bulwark against Islam, not Protestantism. 46 The Maltese had no need to reaffirm solemnly and polemically the cult of saints and their relics to differentiate themselves from Protestant reformers. In regions subject to the Counter-Reformation, the
In 1578, a same-sex community that gathered in a church, performing marriages between men, was discovered in Rome. Documentary evidence now verifies this story, reported by many sources, including a passage of Michel de Montaigne's Travel Journal, but which was for a long time denied by scholars. While briefly reconstructing this affair, this article explores the complex emotional regime surrounding the episode. In particular, it argues that those who participated in the ceremonies did so not only as an expression of affection for their partners, but also in an attempt to legitimize their relationships in a rite that imitated the Counter-Reformation sacrament of marriage. This approach challenges the predominant historiography on the birth of homosexuality and helps us to better understand the sentiments of those who were part of a same-sex community in Renaissance Rome.
Religious Propaganda and the Representation of Truth in the 1580s
In the early 1580s religious propaganda was used extensively and ferociously to inform (or misinform) that sector of the English public that had access to such works about events involving a number of Catholic priests and sympathisers and their opponents. This period saw a major episode of crisis over counter-Reformation Catholicism, exemplified by the mission to England headed by Edmund Campion, and the consequent arrest, torture, trial and execution of Campion and his associates. Numerous texts were produced from a variety of perspectives to intervene in the representation of these men, their motives, the treatment they received, and the danger they may or may not have posed to Protestant England. The propagandist texts with which I am concerned range across the various possible positions on these and other Catholic priests.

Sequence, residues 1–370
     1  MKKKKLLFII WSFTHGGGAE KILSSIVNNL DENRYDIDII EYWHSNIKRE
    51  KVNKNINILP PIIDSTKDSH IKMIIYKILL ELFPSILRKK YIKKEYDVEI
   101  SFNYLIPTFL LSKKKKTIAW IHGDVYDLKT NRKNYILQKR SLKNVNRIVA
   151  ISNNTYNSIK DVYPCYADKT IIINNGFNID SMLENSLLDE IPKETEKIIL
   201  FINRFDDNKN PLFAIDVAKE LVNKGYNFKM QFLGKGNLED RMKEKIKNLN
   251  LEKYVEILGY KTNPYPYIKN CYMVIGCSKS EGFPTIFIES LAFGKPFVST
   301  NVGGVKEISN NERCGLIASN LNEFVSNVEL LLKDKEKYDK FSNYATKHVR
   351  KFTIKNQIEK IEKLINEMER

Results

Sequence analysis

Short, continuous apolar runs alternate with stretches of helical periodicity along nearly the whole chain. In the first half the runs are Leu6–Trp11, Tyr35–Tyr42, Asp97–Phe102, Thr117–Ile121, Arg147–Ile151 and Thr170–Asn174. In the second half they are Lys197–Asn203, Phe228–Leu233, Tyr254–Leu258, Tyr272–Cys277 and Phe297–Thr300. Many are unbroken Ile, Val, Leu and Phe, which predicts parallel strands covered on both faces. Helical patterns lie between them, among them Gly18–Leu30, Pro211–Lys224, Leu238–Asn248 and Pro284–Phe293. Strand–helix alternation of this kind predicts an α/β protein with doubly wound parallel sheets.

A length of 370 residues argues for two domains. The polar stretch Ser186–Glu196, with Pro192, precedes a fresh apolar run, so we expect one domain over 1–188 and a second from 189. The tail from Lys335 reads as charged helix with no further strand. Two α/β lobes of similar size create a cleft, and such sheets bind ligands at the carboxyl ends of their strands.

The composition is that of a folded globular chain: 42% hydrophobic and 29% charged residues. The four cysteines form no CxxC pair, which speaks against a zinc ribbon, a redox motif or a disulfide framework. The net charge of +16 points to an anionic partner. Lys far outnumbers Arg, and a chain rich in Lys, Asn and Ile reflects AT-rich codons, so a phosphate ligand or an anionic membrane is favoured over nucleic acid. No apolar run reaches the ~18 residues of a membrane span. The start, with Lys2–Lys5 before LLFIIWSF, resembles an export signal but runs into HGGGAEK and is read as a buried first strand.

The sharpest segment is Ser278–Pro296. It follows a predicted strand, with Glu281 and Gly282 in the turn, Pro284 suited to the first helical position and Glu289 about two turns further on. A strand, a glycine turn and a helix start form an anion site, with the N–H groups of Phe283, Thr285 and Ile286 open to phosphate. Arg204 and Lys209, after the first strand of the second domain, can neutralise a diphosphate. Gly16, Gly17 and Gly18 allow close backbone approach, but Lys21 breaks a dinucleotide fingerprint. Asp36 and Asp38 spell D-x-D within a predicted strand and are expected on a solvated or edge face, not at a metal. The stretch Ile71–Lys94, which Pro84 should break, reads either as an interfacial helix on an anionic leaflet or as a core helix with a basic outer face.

Annabel Brett, Fabian Steininger, Tobias Adler-Bartels, Juan Pablo Scarfi, and Jan Surman
is how this came into being that his archaeology sets out to uncover in its opening move. That move takes us, in the first of four chapters, to the Catholic political thought of Counter-Reformation Spain. Those descriptors are mine, not Palti's, and I
Concepts of Emotions in Indian Languages
arising and floating in the interaction between them. 21 These assumptions are linked to a development that started in Western Europe with the Reformation and Counter-Reformation, both of which accorded a religiously motivated importance to the
Happiness and Care of the Self in Sir Kenelm Digby's Letter-Book In Praise of Venetia
to consider Venetia's death as the end of their relationship. While such rejection of death as a closure might be viewed as a distinctive feature of Catholic soteriology, particularly in the light of Counter-Reformation insistence on the importance